I remember the first time I learned jazz arpeggios from the Jerry Coker Patterns For Jazz book when I was studying in International College of Music, Kuala Lumpur in 1998. I played the notes so stiffly and I had no idea how everything was supposed to work. There I was in the hallways of the college, sitting on the floor staring at the book. Then, my friend Rithan asked me what was I doing. I said I was learning jazz. He wasn’t sure it was jazz. I for one, knew it didn’t sound like real music yet. It sounded like exercises. They were exercises. I didn’t know how to connect them to music.
I wasn’t a natural at music. I’m not what people might call ‘gifted’ or ‘talented’. Music was a very challenging thing to me & I still feel the challenge daily. The best part of this is that I had to figure out how to learn. The best part was that I had to understand how everything worked.
Over the years of learning jazz, I’ve formulated a way of practicing and organizing the mass amount of information out there. It can be overwhelming and intense to digest so here’s a little diagram to help you out.
Download a PDF of this handout:
[PDF] My Jazz Guitar Practice Routine
It outlines 5 main things that I practice:
1) Chord Voicings
Practice new chords – find interesting voicings, expand my guitar fretboard awareness and most importantly: develop my ears.
It’s not enough to just know the chords in a vertical manner (stacked notes), it’s also essential to be able outline the harmony in a linear melodic fashion. Arpeggios are great for clearly stating the harmony and as a skeletal structure for all the melodies that happen in between.
Beyond the arpeggios, scales provide the extended colors of the chord. I view this as an extension of the chord and not the primary element, at least in improvisation. For arranging, scales can be the source of creating different elements in the music.
4) Lines & Etudes
Write melodies – I write melodies, transcribe solos and licks and write etudes to challenge my ears and my fingers. This is part of the process to develop my musicality.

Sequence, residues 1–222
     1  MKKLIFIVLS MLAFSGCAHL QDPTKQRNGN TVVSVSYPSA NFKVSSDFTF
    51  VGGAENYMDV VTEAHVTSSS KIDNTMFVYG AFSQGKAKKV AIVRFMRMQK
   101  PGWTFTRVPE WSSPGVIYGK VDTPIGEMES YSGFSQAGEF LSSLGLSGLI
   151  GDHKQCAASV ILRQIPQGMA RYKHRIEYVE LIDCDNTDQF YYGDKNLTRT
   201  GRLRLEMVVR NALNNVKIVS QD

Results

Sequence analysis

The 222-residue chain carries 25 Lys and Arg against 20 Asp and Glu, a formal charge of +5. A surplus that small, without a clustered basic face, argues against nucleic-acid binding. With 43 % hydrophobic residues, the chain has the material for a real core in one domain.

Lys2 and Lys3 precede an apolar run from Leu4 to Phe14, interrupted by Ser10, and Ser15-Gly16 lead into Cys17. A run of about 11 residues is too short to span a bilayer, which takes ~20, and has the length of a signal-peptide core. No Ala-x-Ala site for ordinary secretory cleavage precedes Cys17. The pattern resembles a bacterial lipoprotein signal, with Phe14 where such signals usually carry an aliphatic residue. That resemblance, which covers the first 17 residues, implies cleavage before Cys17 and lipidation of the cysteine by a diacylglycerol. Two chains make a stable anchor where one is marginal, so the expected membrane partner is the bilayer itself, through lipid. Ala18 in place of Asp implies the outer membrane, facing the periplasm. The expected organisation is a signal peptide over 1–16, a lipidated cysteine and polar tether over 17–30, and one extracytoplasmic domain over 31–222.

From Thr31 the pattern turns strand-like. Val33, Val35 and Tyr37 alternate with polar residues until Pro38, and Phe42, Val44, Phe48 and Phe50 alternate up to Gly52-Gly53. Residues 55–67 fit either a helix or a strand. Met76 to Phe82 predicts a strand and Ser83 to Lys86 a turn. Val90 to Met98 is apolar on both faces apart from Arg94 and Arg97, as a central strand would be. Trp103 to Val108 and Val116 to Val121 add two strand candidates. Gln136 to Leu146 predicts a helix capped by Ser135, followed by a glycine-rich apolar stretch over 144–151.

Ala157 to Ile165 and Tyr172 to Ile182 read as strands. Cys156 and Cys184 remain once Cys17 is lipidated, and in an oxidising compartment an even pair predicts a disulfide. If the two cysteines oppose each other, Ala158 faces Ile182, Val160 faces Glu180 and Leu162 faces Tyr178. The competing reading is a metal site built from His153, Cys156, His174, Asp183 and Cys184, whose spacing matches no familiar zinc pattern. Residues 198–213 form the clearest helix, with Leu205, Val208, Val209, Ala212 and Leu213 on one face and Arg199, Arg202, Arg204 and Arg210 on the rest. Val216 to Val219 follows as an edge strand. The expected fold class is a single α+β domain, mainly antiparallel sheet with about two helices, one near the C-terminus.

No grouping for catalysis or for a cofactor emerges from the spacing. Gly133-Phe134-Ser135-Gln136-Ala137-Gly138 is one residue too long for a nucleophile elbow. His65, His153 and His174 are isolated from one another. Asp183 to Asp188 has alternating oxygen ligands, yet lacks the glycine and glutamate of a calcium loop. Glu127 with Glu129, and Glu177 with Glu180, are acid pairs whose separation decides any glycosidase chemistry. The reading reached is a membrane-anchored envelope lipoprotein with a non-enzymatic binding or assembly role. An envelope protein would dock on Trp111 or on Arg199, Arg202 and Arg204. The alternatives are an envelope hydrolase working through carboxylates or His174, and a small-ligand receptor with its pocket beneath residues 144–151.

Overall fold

Real life is right here. Anyone can practice all of the above but still not be able to apply it in context. Jamming is a way to experiment and have fun with the material I worked on. It’s precedes the actual performance situation and in a way simulates the environment. Everything in the end should fit in a context. Jamming provides the context for all the material practiced.In addition to all this, the core glue is the song, the repertoire. All this is to support the music, whatever song I want to play.
Now, how would you practice all this? Here are actions steps to get these into your playing:
- Choose a chord you’d like to study
- [Chord Voicings] Learn a voicing for the chord
- [Arpeggios] Learn an arpeggio fingering for the chord
- [Scales] Learn a suitable scale for the chord
- [Lines & Etudes] Write 5 jazz licks/melodies that you can play over the chord. I recommend between 2 to 4 bars each
- Record these 5 jazz licks/melodies over a backing track. I recommend making your own backing track using the voicing you chose earlier.
- Listen back to the recordings
- [Jamming] Jam over the backing track and now freely jam using the ideas you wrote earlier and any ideas you may already play.
- Repeat steps 1-8 with the next chord or another voicing for the same chord.
Hope you found this blog post helpful.
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Now, I’d love to hear from you.
How do you practice jazz guitar?
Do you have any favorite exercises that you’ve learned?
Leave your answer in the comments below! Remember to share as much detail as possible so that we can all learn from one another. Your insight may help another guitarist from across the world.
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*This post is expanded from the original post on FB on May 17, 2015, 2:59pm*
Keenan Fry says
Workin’ on 5 licks.